Small Business Game, Big Business Win

My neighbors are entrepreneurs at heart. They are part of the 860,000 new small business enterprises that opened doors this year. At the rate they are going they could also be part of the churned small enterprises that will close their doors over the next year if they don’t proactively take preventive measures.

My neighbors represent the vast majority of small business owners entering the market daily. In the beginning they are brimming with bright optimism and bright ideas. By the end they wonder how they could have made it all work as they close doors on yet another opportunity.

What are my neighbors, and small business owners (SBOs) like them doing wrong?

Do small businesses need excess cash flow to make it in this market?

Do marketing mix, core competencies and/or niche marketing spell small business accomplishment?

Well…yes and no.

I don’t think ample cash reserves tell the entire story for how to be a small business success. Cash helps, but it’s one piece to the overall puzzle. I also don’t think complex stats and formal business jargon determine small business success either. It helps to talk-the-talk. It helps even more to walk-the-walk, but again complexity doesn’t help unravel the tangled web of linear progression.

Bottom line, a devotion to realizing and then seizing business opportunities can course an SBO onto the path of growth.

A business with cash that does not do this will falter. Just as a business with a small budget can do this and succeed.

Small companies can play in this business game to garner big business wins.

o Size Matters

Small businesses have the advantage in just that: their size!

Unlike larger corporations, small businesses are postured to agilely and quickly remedy non cost-effective processes, products, and/or services. Also, small businesses can advantageously leverage their span of control as it is more cross functional and less hierarchical than larger competitors. Hence, revisions can be implemented and evident to the consumer before problems become systemically ingrained.

Utilize your business size and its mobility to deliver effective results for your consumers and your employees.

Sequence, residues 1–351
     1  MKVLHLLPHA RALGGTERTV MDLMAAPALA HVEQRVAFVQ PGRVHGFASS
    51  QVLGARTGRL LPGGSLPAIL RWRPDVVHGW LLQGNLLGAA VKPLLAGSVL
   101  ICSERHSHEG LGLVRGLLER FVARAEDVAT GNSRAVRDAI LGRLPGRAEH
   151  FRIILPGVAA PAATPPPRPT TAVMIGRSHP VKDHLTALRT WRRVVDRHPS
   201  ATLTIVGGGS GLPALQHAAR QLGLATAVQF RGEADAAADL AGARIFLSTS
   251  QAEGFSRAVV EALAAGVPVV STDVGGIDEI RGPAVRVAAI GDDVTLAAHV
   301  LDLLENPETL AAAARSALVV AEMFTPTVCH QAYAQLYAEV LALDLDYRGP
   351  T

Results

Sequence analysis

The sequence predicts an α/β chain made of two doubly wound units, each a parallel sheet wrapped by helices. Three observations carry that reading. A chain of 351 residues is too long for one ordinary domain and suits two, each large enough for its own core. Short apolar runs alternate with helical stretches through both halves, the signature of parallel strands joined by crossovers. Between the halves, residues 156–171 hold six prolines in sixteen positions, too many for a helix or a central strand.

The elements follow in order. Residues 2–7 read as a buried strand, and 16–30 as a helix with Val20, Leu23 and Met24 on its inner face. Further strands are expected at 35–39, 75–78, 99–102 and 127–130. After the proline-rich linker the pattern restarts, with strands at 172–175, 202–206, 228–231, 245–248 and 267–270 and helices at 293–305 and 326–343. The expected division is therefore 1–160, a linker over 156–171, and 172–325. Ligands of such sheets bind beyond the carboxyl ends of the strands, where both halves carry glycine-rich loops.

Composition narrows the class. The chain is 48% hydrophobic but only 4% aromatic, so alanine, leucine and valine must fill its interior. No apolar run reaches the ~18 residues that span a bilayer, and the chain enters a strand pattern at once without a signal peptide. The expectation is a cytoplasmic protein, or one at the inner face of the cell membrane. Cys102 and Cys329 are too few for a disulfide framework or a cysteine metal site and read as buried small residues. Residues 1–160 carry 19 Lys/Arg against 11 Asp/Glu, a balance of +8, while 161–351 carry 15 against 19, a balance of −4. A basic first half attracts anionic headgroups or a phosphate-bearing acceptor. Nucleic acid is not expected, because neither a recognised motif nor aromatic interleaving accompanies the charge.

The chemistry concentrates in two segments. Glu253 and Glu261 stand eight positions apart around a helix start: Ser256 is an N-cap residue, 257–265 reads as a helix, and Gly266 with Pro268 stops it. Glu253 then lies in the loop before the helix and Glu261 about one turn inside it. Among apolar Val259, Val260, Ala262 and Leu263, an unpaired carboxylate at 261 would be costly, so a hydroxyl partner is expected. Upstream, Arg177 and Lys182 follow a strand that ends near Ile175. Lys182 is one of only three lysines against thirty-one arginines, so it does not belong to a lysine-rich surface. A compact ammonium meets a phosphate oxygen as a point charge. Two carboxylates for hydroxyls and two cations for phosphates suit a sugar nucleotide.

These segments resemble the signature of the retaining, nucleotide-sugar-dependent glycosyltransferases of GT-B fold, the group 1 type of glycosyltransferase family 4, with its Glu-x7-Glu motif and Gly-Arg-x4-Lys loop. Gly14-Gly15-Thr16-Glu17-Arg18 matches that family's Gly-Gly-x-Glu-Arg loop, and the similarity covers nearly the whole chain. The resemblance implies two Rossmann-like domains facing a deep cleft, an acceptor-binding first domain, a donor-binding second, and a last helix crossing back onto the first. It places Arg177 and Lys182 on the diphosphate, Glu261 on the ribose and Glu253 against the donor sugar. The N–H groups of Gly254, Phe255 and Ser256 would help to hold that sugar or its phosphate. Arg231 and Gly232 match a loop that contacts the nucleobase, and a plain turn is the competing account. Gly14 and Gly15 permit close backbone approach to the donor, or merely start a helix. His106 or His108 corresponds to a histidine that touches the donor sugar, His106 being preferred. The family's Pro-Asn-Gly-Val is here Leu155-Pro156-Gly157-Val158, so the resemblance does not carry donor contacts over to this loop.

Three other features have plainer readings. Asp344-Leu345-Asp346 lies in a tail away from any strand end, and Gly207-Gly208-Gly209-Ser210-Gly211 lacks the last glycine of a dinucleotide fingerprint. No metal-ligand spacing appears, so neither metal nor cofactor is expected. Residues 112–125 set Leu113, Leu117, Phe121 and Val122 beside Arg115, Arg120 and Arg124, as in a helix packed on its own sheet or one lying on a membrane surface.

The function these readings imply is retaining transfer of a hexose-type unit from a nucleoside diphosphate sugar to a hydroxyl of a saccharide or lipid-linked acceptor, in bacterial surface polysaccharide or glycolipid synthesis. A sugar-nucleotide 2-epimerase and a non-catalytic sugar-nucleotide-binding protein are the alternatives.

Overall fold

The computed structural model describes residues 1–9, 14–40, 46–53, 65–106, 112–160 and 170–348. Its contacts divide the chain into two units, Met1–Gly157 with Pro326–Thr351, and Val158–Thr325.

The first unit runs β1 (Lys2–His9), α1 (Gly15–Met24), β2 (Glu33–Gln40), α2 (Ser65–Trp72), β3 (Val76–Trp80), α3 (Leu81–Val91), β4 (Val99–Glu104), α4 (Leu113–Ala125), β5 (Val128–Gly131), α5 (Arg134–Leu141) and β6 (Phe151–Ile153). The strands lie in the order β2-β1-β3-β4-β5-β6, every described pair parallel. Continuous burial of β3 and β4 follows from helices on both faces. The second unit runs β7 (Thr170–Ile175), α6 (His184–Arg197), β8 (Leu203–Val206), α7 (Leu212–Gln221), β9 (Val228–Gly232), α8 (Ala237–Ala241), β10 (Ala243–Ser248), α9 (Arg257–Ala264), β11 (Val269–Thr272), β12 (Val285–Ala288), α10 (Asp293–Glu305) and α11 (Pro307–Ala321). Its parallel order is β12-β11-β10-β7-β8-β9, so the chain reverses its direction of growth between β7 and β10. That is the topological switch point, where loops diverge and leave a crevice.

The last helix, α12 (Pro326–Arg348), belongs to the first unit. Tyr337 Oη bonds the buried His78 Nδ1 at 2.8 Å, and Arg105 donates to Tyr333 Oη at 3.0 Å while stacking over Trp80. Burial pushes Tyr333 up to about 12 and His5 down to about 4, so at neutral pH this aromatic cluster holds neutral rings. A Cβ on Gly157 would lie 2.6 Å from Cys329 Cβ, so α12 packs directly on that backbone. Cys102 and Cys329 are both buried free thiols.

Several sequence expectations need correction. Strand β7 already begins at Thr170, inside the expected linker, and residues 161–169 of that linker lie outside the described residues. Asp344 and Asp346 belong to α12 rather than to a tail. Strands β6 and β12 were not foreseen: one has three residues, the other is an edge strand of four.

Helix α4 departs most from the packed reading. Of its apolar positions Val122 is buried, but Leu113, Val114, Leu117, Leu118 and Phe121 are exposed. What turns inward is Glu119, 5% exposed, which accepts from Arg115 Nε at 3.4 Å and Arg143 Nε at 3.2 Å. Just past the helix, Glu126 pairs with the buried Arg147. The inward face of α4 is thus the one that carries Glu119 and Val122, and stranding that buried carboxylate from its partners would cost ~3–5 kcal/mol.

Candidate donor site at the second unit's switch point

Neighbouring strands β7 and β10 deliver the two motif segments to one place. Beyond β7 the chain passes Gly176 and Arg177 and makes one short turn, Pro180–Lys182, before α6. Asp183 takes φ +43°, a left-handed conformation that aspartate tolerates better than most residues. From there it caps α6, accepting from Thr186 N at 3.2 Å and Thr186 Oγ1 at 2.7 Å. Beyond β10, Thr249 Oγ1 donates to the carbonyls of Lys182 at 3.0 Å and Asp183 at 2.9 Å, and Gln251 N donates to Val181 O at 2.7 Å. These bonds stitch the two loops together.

o Dedicate your Wits

While cash flow is a routine focus for business sustenance and growth, do not neglect the need for creative brainpower. As tiring as constant innovation and inventiveness can be when intermingled with ever changing products, services and finances, understand thriving enterprises analyze the market for the best opportunities to meet consumer demand.

Your business is static until you make it dynamic.

o Know Yourself to Know Your Business

Competition is rampant and it can affect sales. Yet, there are enough resources to support the SBO. If you look around at the varying small organizations in a city district, you should be encouraged! For the most part, these businesses offer similar products and/or services as larger companies, yet they still thrive.

Know what you offer and tout your uniqueness. A small business is an external expression of its owner. So just doing what you do is differentiation! Recognize it, and champion it as a unique resource available only through your gateway.

o Listen to the Beat

You don’t have to have expensive customer feedback mechanisms to know what your customers are saying. Feedback comes your way all the time in hushed compliments and verbose criticisms.

Be a pulse chaser! In other words, seek what’s hot. Pulse chasing companies experience business progression and growth beyond the box in which they initially started. Don’t just ask customers if they satisfied. Strive to exceed their expectations. There certainly exist tangent markets of available market share if you’re willing to listen to what that market says.

o Do It Already!

Knowing what to do and not doing it is insanity. The point of business ownership lies in the freedom to mold your ideas into a value-added good or service. Yet, execution is the lacking factor capable of diversifying your product into a money-making entity versus a money-sucking unit.

Implementing other processes and streamlining existing ones are not necessarily easy steps, but such analyses are relevant and can result in longstanding progressive actions. Lean and agile corporations anticipate customer demand, but the battle is won in how they back up their hunch with consistently salable products or services.

o Burn the Midnight Oil

Business is rhythmic.

Hang in there long enough to learn your business’ battle rhythm. Decisions can then be made proactively versus reactively, which gives the SBO an offensive positioning.

The only way you’ll know any of this data, however, is through defining new processes, assessing their relevance and reassessing the overall process for positive repositioning.

And that takes time…so hang in there!